Op-Ed: Why Americans should support third parties
America, unfortunately, has devolved into a two-party (and two-candidate) system. The benefits behind this approach — efficiency and fidelity — do not outweigh its costs. In particular, America’s political duopoly suppresses free thought. The two major parties silence dissident voices with promises and penalties; sacred party beliefs and “taboo” topics are squelched in the name of loyalty. An austere marketplace of slogans and codes has consequently emerged, with two parties marginally competing over voters in the middle. I say marginally because the modern Republican and Democratic platforms are not that different.
How so not that different? Brown goes on.
It could be that everyone in America agrees that marijuana is so innately evil that the government can and should prohibit its possession and use. Similarly, Americans might uniformly agree that same-sex marriage is so bad that it deserves no federal protection. National polls in the run-up to the 2004 elections, however, suggested that neither consensus existed: more than one-third of Americans favored the outright legalization of marijuana, and an even larger percentage favored legalizing same-sex marriage.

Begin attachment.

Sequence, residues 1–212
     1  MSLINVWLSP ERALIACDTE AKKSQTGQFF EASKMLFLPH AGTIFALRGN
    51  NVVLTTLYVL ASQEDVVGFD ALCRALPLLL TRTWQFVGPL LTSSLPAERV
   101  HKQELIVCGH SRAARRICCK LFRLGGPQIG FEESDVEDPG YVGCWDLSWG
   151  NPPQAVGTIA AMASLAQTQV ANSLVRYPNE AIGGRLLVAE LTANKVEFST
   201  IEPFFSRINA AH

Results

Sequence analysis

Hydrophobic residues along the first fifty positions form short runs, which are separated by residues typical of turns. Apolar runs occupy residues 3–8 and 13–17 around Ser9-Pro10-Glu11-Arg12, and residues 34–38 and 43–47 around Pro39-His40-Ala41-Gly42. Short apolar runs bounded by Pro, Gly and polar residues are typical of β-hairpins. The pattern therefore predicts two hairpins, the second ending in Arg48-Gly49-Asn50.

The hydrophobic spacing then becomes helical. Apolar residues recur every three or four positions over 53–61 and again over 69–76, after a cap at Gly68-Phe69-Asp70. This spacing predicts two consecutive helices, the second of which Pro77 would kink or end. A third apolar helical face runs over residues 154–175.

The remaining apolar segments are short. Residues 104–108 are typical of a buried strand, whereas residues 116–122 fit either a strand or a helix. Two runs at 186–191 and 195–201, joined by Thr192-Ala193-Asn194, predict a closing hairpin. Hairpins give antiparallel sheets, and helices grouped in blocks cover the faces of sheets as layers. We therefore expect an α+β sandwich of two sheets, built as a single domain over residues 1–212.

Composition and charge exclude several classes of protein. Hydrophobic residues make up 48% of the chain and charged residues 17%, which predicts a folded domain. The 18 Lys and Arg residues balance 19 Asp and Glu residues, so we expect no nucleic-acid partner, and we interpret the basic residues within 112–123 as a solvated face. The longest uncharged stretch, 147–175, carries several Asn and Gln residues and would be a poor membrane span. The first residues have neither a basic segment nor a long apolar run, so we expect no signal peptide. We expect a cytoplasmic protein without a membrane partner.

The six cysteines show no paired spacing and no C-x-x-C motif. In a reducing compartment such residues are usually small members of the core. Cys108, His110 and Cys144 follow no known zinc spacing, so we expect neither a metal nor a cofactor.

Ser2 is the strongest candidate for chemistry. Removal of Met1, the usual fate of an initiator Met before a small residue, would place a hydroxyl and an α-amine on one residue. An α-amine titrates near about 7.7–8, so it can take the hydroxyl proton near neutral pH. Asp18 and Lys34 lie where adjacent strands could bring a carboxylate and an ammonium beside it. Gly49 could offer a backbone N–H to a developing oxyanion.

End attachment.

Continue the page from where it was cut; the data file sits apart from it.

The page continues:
This kind of restriction on political speech is most clear as it works inside the two major parties.
I had a conversation recently with an aunt of mine. She took an online poll and was shocked to discover the candidate who best matched her opinions was Dennis Kucinich. I asked her whether she would support Kucinich and she said she wouldn’t, “because it doesn’t matter.”
The comment meant two things: she recognized that Kucinich was not a “respectable” candidate. Every mention in the media of the Ohio congressman was prefaced or followed by “why doesn’t he drop out/he’s bound to drop out.” The only news articles focusing entirely on Kucinich concerned some comments he made a decade or more ago about seing a U.F.O. Well that’s that then. So tactically he had no possibility of being heard and did not in fact matter to the result of the process.
I think she was more shocked to discover that her opinions do not matter. So far as official politics is concerned, she may as well not have an opinion, just like Viggo Mortgenson.